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US legal culture from a European perspective

tour through the history of US law based on the book by Prof. Alan M. Dershowitz, America on Trial, Inside the legal battles that transformed our nation – Summer Term 2006

This is a discussion as part of the context studies for advanced students. Masters students in micro- and macroeconomics and law at the University of St. Gallen are able to take part. The module carries three Credits.

One important reason for holding this teaching module is the fact that in Switzerland we generally have no detailed knowledge of the way in which US law operates or of its significance that does justice to the importance of US law to globalization. In particular we do not know enough about the complex effects of this legal culture. Nor do we have sufficiently developed instruments and institutions in Switzerland for our dealings with it. This leaves us with too little autonomy in our thoughts and actions when developing, expressing and communicating a specifically Swiss or European perspective on US legal culture. This trend has become all the more acute given the growing trend for US legal hegemony in recent years. The most pressing need is to know more about this system of law and its culture.

Against this background, the teaching module tries to evoke interest by representing US legal culture through one of its characteristic phenomena – criminal law. The intention is to encourage students to adopt a comparative perspective to facilitate an analysis of the effect of various possible ways of dealing with US legal culture. The teaching module is intended to take advantage of the interdisciplinarity of its participants. The term culture is understood here in its wider sense. It has a very contemporary slant in that the issue under discussion is how to deal with current US legal culture in the present. A better understanding of the significance of this legal culture is now also professionally relevant for graduates of micro- and macroeconomics.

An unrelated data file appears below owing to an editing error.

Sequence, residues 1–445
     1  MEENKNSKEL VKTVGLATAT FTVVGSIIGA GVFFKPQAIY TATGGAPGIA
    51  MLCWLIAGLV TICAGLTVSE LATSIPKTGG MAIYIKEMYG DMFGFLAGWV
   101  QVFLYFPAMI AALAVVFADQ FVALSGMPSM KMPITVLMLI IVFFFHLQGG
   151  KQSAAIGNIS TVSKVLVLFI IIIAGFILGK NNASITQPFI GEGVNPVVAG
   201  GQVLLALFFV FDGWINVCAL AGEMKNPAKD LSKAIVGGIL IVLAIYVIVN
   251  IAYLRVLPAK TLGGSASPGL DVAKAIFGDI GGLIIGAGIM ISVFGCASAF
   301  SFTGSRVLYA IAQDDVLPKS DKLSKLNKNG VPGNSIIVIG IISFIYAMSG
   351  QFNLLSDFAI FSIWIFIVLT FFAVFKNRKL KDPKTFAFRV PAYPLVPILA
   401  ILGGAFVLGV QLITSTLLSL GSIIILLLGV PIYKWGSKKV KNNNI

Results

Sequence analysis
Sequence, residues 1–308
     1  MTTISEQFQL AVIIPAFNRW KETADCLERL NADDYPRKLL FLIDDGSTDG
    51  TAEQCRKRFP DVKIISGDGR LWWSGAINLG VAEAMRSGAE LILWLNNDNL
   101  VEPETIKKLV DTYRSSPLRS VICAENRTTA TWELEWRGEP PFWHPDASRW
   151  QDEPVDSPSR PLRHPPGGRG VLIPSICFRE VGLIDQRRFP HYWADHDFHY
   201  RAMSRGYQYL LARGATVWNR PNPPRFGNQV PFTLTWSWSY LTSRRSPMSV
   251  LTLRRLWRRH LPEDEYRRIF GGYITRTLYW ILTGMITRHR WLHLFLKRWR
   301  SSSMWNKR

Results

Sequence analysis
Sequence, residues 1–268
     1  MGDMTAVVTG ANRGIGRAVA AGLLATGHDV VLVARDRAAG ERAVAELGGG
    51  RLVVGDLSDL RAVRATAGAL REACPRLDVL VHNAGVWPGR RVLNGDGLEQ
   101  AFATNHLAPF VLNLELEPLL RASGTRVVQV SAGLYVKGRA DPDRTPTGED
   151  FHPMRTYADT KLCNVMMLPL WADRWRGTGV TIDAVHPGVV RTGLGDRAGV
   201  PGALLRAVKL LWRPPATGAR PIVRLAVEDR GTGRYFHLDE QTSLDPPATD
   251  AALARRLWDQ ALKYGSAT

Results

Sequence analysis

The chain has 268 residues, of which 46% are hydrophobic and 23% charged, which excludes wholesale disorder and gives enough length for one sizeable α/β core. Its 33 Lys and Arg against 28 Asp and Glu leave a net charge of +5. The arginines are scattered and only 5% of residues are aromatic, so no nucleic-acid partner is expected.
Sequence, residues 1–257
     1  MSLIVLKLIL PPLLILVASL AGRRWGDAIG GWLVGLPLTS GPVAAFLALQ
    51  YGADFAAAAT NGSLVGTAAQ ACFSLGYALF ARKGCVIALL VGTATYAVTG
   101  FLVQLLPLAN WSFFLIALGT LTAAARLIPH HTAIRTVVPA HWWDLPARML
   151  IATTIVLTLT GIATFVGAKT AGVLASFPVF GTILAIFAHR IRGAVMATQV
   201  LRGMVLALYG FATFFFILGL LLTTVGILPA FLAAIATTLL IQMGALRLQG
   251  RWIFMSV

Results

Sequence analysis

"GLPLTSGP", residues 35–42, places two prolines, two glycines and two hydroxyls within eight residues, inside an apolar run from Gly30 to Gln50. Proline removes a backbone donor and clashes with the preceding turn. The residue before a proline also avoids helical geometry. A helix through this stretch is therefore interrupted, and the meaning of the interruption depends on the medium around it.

The vehicle we have selected for this “journey” is the inspiring book by Prof. Alan M. Dershowitz “America on Trial, Inside the legal battles that transformed our nation”. Alan Dershowitz is a one of the most significant criminal law teachers, practicing criminal lawyers and legal theorists in the USA and is well known outside the USA as a Jewish intellectual and writer. He teaches at Harvard Law School.

In this book he succeeds in representing important characteristics of US law across the history of the country and using numerous examples of court cases. The case histories are always presented in their historical context, summarized briefly and commented on by Alan Dershowitz. They are represented chronologically and run from the founding of the USA to the present.

In teaching terms, the module consists of a prepared classroom discussion about the cases described in the book by Alan Dershowitz. The 600-page book will be read in English. The classroom discussion will be held in roles assigned in advance in order to foster increased skills in reflection and cultural understanding in Masters students in a lively and attractive way. The unifying thread throughout is the history of the United States, with windows on some of the leading cases reflecting its life and culture that have led to controversial public debate.

The students will in various roles be writing a summary of the whole book according to a scheme assigned to them.

There will be a video conference in which Prof. Alan Dershowitz is systematically questioned on his book by the lecturer responsible for the module.

That lecturer will also organize the students in an electronic virtual community and undertake a central steering role for the teaching and learning process.

To enhance the enjoyment of the course, there will be an option to see films of two prominent cases that are described in the book by Alan Dershowitz. These will be shown in the lecturer’s seminar room in Zurich. It is anticipated that these will be The Nuremberg-Trial”, with Dr. Dr. h.c. Peter Studer, former editor of the Tages Anzeiger und of the Swiss TV channel DRS as a guest and “To Kill a Mocking Bird”, with film director Fredi Murer as a guest.

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